The most recent estimate of men who have sex with men from the World Health Organization in 2013 is 20,000.[20] As of 2016, the World Health Organization did not have any data regarding the “avoidance of health care because of stigma and discrimination” among men who have sex with men.[21] Moreover, the laws are silent regarding female homosexuality while male homosexuality is a crime that can result in life imprisonment.[22] Data regarding the number of men that have been imprisoned under this law is unknown.

Community Values and Sex

Similar to many countries around the world, homosexuality is viewed as a sin and bad luck in Sierra Leone.[23] For those who are not arrested, discrimination, abuse, and harassment plague their daily lives.[24] Many are forced into sex work to provide shelter and a living for themselves.[25] Yet male homosexuality may be more accepted in the rural communities than in the urban communities. Research conducted between 1967-1973 in rural Sierra Leone indicates that ‘transvestites’ were believed to have spiritual powers and played an important role in womanhood rituals.[26]

Although female homosexuality has not been formally criminalized, it is not uncommon for them to be subject to discrimination and rape to “correct” their sexuality.[27] Fanny Ann Eddy founded an advocacy group—Sierra Leone Lesbian and Gay Association—for LGBTQ in the country. Fanny used the organization’s platform to expose the reality of living as LGBTQ in Sierra Leone with the United Nations.[28] The Sierra Leone Lesbian and Gay Association provided emotional and psychological support services to the LGBTQ community.[29] Fanny addressed the United Nations Commission on Human Rights in 2004 and spoke about the health risks that everyone in the country were vulnerable to because of the government and the lack of sex education.[30] In 2004, Fanny was found murdered in her office with stab wounds, a broken neck and evidence of rape.[31]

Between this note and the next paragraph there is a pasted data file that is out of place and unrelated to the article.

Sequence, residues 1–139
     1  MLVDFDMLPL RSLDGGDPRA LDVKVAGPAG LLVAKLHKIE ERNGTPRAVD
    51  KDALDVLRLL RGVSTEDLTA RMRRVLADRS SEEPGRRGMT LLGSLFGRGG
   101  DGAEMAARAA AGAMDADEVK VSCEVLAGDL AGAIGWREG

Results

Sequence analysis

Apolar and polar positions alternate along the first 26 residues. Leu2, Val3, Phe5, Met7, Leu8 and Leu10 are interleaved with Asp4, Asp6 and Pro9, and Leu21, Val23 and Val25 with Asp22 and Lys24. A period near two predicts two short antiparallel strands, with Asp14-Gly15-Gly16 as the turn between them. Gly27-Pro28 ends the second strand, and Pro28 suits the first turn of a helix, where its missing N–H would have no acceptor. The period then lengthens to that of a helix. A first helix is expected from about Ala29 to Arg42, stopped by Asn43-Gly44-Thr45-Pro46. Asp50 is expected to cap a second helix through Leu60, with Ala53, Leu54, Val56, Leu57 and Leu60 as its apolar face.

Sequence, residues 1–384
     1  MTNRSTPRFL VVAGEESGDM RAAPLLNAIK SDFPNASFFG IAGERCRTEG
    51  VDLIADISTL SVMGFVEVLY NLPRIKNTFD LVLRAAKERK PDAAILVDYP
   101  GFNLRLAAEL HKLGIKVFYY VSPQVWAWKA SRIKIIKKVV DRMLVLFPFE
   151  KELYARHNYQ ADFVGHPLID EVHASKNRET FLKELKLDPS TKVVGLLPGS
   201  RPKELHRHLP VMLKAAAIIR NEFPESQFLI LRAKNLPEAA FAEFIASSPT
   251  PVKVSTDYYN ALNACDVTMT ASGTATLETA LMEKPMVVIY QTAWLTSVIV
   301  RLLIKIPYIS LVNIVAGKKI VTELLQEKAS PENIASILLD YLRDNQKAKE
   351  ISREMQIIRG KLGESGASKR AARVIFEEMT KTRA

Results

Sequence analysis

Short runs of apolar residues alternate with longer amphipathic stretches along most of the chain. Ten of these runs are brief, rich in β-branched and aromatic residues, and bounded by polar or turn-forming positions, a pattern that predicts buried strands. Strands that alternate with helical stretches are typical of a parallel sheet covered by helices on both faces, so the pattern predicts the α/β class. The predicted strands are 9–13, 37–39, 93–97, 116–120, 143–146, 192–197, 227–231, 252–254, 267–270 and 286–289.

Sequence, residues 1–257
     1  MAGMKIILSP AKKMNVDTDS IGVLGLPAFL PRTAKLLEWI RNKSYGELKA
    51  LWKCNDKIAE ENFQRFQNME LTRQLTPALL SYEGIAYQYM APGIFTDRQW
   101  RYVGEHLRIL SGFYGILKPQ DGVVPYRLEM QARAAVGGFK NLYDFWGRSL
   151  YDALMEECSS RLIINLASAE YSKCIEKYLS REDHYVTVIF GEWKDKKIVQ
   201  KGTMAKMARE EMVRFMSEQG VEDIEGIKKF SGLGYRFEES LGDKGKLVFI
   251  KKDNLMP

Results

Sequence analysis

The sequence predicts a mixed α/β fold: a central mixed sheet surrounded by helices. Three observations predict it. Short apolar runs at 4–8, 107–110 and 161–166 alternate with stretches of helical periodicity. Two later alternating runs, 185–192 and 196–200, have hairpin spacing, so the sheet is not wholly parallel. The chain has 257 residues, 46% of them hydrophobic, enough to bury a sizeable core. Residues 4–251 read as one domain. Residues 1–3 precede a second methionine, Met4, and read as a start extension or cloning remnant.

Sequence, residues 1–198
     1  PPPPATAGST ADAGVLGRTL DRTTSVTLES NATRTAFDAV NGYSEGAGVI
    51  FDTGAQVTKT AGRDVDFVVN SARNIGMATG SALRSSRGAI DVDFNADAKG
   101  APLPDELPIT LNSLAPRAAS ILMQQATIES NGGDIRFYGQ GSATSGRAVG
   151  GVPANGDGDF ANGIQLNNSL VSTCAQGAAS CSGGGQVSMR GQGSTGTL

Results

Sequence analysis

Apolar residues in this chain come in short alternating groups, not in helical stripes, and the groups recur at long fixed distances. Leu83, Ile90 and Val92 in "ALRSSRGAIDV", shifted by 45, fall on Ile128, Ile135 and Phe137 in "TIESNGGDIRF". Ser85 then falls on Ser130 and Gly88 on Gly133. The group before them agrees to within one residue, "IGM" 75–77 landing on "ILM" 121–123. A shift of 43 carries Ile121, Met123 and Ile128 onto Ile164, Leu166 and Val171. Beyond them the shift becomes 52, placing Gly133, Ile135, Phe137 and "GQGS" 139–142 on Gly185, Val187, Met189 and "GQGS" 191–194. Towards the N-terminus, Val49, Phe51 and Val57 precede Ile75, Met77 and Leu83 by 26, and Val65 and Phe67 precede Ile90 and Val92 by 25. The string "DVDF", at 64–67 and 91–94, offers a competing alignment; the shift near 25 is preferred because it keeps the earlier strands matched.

The Future

Sierra Leone is not the only country that criminalizes male homosexuality and there is no ‘poster country’ for the worst homophobic laws and policies.[32] Each country that fails to protect and promote the human rights and dignity of LGBTQ people as much as heterosexual people poses a threat to LGBTQ lives. However, it is also important to recognize the important role that poorer, non-Anglo countries have in the international LGBTQ civil rights movement. In many of these countries, the intersection of culture, religion, sexuality, and masculinity are rarely provided an outlet on an international level. Moreover, the non-Anglo LGBTQ community has unique experiences that are not publicized among mainstream media outlets which exacerbates the invisibility of their realities. When and if countries that have suffered immense oppression due to colonialism, civil war, poverty, and disease—like Sierra Leone—decide to include LGBTQ rights within the whole country’s struggle for human rights, then it becomes more safe for people within those countries to have discussions about gender roles, sexuality, religion, and their intersections. It is only after those important discussions begin that homophobic laws in those countries can be repealed without being replaced by more oppressive laws.